Barriers to building information modelling and facility management practices integration in Nigeria

Esther Ire Okwe, Oludolapo Ibrahim Olanrewaju, Matt Heckman, Nicholas Chileshe

Research output: Contribution to journalArticlepeer-review

9 Citations (Scopus)


Purpose: This paper aims to explore and review the critical perspectives of stakeholders in the facility management (FM) industry as regards the barriers to building information modelling (BIM) integration, with the view to providing significant insights to mitigate the barriers to BIM implementation. Design/methodology/approach: An extensive literature review was conducted to identify critical barriers to BIM–FM integration. Ten categories of barriers were identified from the literature review and used to design a Likert scale-based questionnaire, which was administered to registered members of International Facility Management Association based in Lagos, Nigeria. The data collected were analysed using both descriptive (mean score, standard deviation, frequency tables and charts) and inferential statistics (Shapiro–Wilk and Kruskal–Wallis tests). Findings: The descriptive and inferential analysis demonstrated a disparity in the ranking of the ten barriers among the groups. Six (out of ten) barriers to BIM implementation for FM practices are identified as critical (mean score greater than 4.0): insufficient awareness levels of BIM–FM integration benefits, non-existence of contractual and legal framework for BIM implementation, limited studies on BIM–FM inter-relationship, poor acceptance levels and resistance to change among stakeholders, perception of BIM and inadequacy of mode data. And the results of the one-sample t-tests show that there were statistically significant differences in the six. Practical implications: This study offers significant insights to industry stakeholders in understanding BIM implementation barriers in FM, as well as the framework for mitigating them. These findings could also be applied to other developing countries, with special consideration given to locational differences. Originality/value: The valuable information provided in this study could be used as a roadmap to improve BIM–FM practice implementation in Nigeria. It also measured differences in the opinions of professionals.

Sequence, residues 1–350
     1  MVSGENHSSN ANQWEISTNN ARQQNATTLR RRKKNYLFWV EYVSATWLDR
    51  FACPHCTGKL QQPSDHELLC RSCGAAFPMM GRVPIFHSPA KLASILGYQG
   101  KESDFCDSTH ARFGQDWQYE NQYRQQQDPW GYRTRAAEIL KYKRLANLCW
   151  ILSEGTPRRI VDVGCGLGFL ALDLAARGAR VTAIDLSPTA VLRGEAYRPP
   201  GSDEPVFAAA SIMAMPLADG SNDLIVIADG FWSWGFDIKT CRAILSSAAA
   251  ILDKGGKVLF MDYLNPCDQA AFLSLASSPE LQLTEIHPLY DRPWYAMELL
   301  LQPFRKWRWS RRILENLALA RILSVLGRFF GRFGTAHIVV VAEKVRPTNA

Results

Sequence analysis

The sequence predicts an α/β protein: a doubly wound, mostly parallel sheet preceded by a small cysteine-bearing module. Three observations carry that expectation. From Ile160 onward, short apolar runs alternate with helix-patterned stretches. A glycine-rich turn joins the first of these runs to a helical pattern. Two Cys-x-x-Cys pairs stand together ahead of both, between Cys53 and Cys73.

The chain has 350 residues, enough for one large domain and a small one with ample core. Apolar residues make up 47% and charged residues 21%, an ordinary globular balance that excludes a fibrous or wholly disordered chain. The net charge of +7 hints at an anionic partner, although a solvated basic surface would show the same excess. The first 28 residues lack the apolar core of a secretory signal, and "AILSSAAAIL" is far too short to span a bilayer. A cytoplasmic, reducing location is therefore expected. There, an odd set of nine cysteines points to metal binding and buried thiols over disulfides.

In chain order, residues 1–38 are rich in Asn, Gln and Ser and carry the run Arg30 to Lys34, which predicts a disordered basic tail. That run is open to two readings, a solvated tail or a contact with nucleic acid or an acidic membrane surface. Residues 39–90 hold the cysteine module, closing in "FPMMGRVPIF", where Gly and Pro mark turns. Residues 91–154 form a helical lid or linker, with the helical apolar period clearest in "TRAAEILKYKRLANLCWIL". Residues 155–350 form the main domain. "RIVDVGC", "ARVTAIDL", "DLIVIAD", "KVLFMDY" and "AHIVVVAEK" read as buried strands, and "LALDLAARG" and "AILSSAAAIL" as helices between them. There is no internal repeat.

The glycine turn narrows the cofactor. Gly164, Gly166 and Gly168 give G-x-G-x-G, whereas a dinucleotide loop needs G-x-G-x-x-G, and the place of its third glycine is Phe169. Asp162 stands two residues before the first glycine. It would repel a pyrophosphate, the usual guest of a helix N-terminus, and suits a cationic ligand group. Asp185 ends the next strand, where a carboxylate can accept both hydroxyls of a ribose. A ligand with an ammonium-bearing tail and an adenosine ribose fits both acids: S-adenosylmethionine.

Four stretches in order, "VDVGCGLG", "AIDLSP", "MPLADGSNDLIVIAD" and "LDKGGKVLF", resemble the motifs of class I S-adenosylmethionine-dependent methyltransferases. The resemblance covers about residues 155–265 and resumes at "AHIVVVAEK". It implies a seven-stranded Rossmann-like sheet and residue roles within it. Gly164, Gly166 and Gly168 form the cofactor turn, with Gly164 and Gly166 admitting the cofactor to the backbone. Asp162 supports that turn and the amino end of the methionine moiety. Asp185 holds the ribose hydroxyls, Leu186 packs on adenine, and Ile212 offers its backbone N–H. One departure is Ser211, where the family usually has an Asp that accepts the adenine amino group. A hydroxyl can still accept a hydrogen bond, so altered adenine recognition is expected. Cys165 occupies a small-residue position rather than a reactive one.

Original languageEnglish
Pages (from-to)845-865
Number of pages21
JournalJournal of Facilities Management
Issue number5
Publication statusPublished - 22 Nov 2023


  • Barriers
  • Building information modelling
  • Built environment
  • Facility management practices
  • Integration
  • Nigeria

ASJC Scopus subject areas

  • Business and International Management
  • Strategy and Management
  • Management of Technology and Innovation


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